For investors here in paradise, many are thoroughly enjoying the ride with the recent the stock market gains and all of the mystery that is “The Trump Effect.”

The relevance of the recent market highs, although impressive on the surface, has many behind the scenes convinced there is little substance behind such a drastic and significant rally based on sound economic fundamentals. In other words, there is no legitimate catalyst to rationalize the market other than temporary investor sentiment, which is code for perhaps short-lived and unsustainable.

However, with all of these variables in place, the fact remains that at least for now, the markets continue to set records, although with minute increments, and investors seem to be memorized. Recent gains have many investors seriously considering the value of true diversification; not just more stocks. Generally speaking, in raging markets as the one we are experiencing currently, most assets classes also enjoy success, including the alternative asset class. Now, for the record, “alternative assets” simply refers to an asset class that may not be subject to the fluctuations of the stock markets, in fact, in some cases, there may be zero market correlation, as is the case with managed futures.
As investors, and particularly retired investors, begin to embrace the value of true diversification, now perhaps more than ever it is essential to protect a portion of the portfolio gains with alternatives which may have an opportunity to avoid potential market corrections that may be looming ahead of us. Here is where the attention to details becomes tantamount.

Many have seen the light as it pertains to capturing a percentage of the stock market’s gains while avoiding any and all market based losses. The implementation of an insured index strategy can be valuable in the pursuit of true diversification, however, details matter. For instance, many have considered the much maligned variable annuity as an alternative asset class. The particular details here are twofold; first, it is important to understand that as the name indicates, these accounts can and will “vary” with the stock markets moves, thus the term “variable”. So we can confidently expect fluctuating values with this strategy. However, lost on far too many retired investors are the often excessive annual fees that can come with this particular asset class. There can be considerable insurance costs associated with the already prevalent investment management fees. We have seen, on numerous occasions, variable annuities with annual fees as high as 4.75 percent per year; and no, that is not a typo.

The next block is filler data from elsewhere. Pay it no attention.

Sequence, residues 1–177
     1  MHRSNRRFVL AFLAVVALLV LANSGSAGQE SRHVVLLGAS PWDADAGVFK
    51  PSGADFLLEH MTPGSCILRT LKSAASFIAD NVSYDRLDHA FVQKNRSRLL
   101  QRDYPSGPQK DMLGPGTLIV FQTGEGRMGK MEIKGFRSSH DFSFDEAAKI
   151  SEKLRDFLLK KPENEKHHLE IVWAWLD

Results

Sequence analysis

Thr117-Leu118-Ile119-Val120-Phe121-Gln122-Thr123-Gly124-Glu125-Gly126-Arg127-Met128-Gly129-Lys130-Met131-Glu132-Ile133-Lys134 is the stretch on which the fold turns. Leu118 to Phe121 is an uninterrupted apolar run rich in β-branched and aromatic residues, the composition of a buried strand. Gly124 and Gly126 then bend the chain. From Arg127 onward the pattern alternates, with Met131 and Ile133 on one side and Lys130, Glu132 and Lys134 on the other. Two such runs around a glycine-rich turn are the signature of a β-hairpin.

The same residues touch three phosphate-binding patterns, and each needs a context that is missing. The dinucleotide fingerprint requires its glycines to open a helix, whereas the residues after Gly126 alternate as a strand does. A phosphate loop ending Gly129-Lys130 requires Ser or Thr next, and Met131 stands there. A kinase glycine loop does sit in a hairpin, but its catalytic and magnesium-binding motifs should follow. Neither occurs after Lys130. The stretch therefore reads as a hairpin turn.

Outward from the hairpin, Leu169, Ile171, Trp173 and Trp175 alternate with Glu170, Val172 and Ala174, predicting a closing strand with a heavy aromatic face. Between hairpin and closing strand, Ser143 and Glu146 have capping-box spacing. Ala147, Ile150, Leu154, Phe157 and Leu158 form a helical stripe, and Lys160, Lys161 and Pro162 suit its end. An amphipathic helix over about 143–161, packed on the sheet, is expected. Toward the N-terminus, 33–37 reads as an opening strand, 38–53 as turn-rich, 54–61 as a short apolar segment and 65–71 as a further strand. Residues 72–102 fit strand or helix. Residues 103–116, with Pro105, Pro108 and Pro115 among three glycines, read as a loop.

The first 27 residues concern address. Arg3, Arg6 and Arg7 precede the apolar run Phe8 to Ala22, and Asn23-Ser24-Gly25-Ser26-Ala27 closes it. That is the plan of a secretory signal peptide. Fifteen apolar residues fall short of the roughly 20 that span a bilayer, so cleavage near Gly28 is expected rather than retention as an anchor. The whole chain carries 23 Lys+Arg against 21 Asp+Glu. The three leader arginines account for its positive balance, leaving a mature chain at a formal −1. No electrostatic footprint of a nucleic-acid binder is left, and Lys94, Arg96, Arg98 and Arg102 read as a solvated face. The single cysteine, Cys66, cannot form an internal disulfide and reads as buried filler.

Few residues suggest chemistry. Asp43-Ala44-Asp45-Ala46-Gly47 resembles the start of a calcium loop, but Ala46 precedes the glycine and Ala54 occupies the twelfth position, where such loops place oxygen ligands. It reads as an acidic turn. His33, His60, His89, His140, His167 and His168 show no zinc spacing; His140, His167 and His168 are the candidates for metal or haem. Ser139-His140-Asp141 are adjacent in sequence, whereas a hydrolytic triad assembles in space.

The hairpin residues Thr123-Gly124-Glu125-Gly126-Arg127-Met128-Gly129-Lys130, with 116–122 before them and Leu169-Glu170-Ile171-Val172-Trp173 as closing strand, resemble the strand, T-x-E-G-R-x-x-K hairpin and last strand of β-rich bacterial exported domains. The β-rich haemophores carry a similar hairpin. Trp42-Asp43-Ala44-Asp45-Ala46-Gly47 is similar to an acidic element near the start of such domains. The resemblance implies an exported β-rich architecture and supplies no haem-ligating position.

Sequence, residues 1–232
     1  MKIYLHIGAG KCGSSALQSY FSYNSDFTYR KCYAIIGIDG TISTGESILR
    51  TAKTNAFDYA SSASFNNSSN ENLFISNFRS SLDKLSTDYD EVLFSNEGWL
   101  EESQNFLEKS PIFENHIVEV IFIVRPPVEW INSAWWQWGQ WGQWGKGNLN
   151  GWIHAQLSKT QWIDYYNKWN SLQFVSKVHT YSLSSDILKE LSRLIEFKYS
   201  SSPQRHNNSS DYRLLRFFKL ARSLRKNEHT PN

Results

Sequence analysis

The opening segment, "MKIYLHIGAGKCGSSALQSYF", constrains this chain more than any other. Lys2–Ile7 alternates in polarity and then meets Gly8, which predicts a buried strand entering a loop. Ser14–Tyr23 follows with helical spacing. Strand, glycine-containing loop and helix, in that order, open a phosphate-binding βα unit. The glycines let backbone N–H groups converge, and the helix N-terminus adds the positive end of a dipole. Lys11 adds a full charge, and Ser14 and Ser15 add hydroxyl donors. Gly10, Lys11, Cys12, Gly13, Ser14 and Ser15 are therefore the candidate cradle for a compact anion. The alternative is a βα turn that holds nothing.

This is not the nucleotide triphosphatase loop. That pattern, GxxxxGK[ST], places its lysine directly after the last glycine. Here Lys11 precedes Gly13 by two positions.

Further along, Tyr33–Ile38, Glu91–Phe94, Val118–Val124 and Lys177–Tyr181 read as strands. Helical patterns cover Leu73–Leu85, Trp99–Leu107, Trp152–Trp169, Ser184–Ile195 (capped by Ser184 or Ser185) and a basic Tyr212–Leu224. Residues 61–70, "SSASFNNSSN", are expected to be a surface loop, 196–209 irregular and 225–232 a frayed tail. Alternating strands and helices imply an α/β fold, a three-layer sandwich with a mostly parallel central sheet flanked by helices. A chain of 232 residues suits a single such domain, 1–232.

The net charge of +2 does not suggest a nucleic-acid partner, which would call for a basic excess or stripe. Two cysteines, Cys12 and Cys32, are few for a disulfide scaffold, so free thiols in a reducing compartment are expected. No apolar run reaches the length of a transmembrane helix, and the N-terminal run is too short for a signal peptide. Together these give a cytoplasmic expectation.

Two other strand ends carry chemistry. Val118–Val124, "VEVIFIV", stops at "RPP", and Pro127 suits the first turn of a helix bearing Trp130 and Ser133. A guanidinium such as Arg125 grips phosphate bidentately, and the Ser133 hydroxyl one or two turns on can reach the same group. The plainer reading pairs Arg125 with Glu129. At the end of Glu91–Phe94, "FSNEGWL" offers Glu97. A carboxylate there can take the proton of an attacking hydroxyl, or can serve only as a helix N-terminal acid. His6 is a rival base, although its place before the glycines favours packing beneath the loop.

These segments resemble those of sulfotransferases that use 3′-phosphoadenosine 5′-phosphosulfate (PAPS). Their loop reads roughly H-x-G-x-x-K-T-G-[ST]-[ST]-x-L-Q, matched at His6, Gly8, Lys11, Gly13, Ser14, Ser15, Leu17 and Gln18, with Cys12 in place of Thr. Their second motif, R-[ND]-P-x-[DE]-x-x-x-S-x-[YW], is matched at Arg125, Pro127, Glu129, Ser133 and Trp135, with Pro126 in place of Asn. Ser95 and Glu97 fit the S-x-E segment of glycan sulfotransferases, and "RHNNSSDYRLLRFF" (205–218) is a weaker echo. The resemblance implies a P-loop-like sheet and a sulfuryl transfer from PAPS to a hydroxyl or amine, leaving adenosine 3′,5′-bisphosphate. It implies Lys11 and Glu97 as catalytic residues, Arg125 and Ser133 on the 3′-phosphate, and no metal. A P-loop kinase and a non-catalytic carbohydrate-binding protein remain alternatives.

When we do the math, especially in flat or down years with the stock markets, these fees significantly impact the portfolios ability to generate meaningful returns. In other words, the fees can put the portfolio so far behind in various market conditions, the losses are only compounded by the addition of the fees. As it pertains to diversifying with variable products, the details are indeed critical.

For others, there is a safe, stable and predictable insured index avenue which does not participate in any market based losses, and in some cases, charge minimal or even zero fees. These insured index portfolios, as the name indicates, participate in a particular stock index such as the Dow Jones or The S&P 500. Here again, the details are important. The trade-off for avoiding market losses results in muted returns that, although based on a particular market index, may only capture a percentage of the markets gains.

These percentages can range anywhere from 10 percent to as much as 70 percent of the market gains. Again, the critical detail here is that by avoiding market based losses and minimizing the annual fees, this strategy can complement virtually any portfolio. Know the details.

As far as details are concerned, many have embraced the proven track record of managed futures and their ability to potentially outperform stocks, but far more importantly, their ability to generate returns when the stock market is correcting, or even crashing. When the stock markets crashed by roughly 50 percent in both 2002 and 2009, the Barclays TOP50 managed futures index was up approximately 40 percent and 14.5 percent respectively. Yes, details can lead to the life of a SWAN, Sleep Well At Night.

William F. Hague is a managing partner of Hague Wealth Management; 239-389-1999 or The opinions and observations stated above are those of the columnist.

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